The main issue with taking legal action against rogue super funds is that the process costs time and money, APRA has told the royal commission.
APRA’s Helen Rowell was the first witness to take the stand on Friday 17 August, where counsel assisting Michael Hodge was quick to try and gain insight into APRA’s role as a regulator of the $2.6 trillion superannuation sector.
Mr Hodge asked whether APRA would ever commence litigation against trustees, to which Ms Rowell explained that this is a “potential” action, but that other methods would be preferable, such as an enforceable undertaking.
One of the criticisms that has been made by the Productivity Commission in its draft report of APRA is that the “behind closed doors” nature of its activities is not effective for achieving what Mr Hodge called “general deterrence”.
Ms Rowell disagreed that APRA works behind closed doors but admitted the that no corporate trustee has been required to give an enforceable undertaking in relation to superannuation in the last 10 years.
In her statement, which was referenced by Mr Hodge during his questioning, the APRA deputy chair was asked a question by the Commission to explain any practical limitations or impediments on APRA seeking disqualification orders pursuant to section 126H of the SIS Act.
Ms Rowell’s statement included three impediments.
The first impediment is the resources and expense of gathering sufficient and admissible evidence in the form that would be required by a court. She noted that APRA does not have power to recoup costs of an investigation.
“The second point you make is the legal costs of the court process,” Mr Hodge read. “And then the third point is about the length of time involved with court processes.”
Mr Hodge asked Ms Rowell what the basis is for her judgment that court processes take a long time.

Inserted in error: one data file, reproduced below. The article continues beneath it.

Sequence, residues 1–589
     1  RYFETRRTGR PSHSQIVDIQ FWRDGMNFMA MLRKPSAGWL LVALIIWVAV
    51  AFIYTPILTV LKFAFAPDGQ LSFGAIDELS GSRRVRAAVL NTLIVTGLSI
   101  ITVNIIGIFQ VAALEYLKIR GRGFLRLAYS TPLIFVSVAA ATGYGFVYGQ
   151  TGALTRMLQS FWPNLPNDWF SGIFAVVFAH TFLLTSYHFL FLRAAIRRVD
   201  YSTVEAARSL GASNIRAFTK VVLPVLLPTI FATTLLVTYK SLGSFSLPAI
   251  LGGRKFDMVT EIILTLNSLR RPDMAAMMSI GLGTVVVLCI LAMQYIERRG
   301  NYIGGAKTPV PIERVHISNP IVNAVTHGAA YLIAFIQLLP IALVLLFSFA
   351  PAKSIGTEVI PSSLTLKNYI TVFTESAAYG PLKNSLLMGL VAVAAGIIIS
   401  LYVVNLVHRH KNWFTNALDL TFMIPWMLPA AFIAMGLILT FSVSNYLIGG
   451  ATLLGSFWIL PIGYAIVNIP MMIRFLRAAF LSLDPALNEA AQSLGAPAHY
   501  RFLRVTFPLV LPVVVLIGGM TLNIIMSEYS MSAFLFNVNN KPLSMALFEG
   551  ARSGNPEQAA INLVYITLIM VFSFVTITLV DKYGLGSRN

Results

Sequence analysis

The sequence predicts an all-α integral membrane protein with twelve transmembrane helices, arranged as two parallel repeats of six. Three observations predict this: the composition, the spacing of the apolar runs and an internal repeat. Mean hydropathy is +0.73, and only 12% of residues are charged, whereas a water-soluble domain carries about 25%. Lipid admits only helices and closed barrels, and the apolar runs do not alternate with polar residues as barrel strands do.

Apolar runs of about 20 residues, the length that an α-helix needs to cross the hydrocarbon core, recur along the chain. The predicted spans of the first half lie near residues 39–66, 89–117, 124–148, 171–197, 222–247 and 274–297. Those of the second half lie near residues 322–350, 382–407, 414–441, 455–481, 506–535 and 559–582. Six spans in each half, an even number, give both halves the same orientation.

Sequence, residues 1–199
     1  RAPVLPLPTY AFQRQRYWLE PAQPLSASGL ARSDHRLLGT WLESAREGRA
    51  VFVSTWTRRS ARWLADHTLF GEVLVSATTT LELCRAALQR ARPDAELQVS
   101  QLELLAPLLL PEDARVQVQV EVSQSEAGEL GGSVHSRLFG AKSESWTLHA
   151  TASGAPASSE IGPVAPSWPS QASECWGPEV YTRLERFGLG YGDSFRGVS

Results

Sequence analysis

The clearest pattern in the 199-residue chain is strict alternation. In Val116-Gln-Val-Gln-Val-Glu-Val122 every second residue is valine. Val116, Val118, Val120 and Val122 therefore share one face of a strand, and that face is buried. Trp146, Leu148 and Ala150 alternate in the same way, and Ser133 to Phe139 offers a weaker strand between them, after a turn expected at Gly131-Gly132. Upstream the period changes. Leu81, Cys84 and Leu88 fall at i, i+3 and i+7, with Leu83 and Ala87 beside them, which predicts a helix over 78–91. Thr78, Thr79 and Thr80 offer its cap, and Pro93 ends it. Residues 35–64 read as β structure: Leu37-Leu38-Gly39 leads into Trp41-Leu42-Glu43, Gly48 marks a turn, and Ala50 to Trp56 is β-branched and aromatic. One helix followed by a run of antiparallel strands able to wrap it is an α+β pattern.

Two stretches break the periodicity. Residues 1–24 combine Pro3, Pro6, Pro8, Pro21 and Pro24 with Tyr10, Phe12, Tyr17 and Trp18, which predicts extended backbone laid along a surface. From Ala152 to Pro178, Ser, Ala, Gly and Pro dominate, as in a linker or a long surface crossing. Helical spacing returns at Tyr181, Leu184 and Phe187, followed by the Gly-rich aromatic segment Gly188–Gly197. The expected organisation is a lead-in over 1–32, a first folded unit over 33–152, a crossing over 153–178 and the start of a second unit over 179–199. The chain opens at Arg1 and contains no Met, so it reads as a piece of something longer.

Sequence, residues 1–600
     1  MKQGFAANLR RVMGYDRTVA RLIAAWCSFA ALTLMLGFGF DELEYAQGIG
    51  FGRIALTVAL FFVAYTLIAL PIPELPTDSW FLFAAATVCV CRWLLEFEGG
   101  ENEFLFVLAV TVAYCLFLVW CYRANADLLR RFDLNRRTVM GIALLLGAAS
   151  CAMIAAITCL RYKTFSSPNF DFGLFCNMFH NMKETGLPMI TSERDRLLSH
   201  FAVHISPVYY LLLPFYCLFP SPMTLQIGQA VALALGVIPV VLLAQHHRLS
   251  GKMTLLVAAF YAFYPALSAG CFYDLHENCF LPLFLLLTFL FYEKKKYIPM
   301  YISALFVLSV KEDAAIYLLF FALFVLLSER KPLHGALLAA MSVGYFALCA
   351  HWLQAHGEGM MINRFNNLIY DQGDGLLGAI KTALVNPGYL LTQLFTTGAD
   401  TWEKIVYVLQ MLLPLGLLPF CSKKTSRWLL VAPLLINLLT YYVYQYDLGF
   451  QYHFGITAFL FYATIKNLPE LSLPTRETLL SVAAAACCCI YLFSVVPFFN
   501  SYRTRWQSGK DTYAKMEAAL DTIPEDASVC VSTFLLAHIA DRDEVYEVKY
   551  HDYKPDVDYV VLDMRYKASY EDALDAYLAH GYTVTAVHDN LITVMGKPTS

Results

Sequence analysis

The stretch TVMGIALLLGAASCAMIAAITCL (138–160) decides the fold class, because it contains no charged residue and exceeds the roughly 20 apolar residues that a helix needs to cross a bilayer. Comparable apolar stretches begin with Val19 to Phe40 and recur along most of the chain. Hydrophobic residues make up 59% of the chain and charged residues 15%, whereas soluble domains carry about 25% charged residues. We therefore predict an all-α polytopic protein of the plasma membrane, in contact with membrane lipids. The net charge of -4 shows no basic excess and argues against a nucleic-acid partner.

“Our previous experience in dealing with matters through relevant tribunals such as the AAT and observation of other court processes that occur in the wider financial sector,” she replied.
However, Mr Hodge highlighted that APRA hasn’t had any experience dealing with superannuation companies in the courts in the last 10 years.
APRA ‘waiting’ for ASIC
Later, Mr Hodge turned to the question of responsibility. The counsel assisting was eager to identify what action APRA was taking when breaches occur.
“Is there a limitation period on commencing a civil penalty proceeding for a breach of the sole purpose test?”
“I don’t know,” Ms Rowell replied.
Mr Hodge then asked whether APRA had received any suggestion from ASIC that ASIC will commence public enforcement action in relation to ‘fees for no service’.
“I don't know the answer to that question,” Ms Rowell said.
Mr Hodge asked if it is satisfactory, from the perspective of APRA as a matter of general deterrence, that no proceeding has ever been commenced against a trustee on the basis of a contravention of the sole purpose test where the trustee is deducting money from members’ accounts and paying it to related party advisers who are not providing a service.
“I think it’s too early to form that conclusion because that work is ongoing and APRA has not made any final decisions about what action it may or may not take ultimately in relation to that matter,” Ms Rowell said, adding that APRA is allowing ASIC to complete its work and review.
“When you say APRA is waiting to see what ASIC will do,” Mr Hodge probed, “has there been any consideration at all within APRA in relation to this issue to date?”
Ms Rowell responded: “There has been discussions with individual entities and – on the matter and seeking to get a complete understanding of the issues as they pertain to the individual entities. There would be general discussions occurring at APRAs internal committees about, you know, what the issue was and what was being done to address it, and – and those sorts of things. As I said, I don’t believe that we have made any conclusions at this stage as to what further action, if any, we might wish to take.”
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